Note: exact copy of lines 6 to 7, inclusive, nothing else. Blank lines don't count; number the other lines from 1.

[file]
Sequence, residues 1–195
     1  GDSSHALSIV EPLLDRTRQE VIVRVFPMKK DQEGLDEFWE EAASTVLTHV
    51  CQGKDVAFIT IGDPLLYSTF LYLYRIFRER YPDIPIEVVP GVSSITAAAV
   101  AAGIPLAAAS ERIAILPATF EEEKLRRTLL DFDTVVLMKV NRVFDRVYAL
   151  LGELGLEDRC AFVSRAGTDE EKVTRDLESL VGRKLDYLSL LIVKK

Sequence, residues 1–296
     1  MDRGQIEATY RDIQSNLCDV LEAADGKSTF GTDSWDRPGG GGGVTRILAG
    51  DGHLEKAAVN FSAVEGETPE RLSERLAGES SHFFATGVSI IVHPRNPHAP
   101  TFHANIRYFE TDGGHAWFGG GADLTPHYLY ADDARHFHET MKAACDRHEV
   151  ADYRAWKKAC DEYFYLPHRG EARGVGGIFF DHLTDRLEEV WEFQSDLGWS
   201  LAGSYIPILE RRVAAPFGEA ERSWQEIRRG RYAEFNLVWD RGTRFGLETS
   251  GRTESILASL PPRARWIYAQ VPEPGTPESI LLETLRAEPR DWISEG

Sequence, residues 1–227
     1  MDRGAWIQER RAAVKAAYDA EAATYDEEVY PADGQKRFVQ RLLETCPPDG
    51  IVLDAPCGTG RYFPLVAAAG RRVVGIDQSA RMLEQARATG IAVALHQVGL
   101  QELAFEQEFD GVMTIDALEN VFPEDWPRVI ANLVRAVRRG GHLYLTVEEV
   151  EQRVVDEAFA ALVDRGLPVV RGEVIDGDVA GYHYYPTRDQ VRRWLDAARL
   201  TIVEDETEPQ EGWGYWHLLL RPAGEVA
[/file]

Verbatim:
Sequence, residues 1–296
     1  MDRGQIEATY RDIQSNLCDV LEAADGKSTF GTDSWDRPGG GGGVTRILAG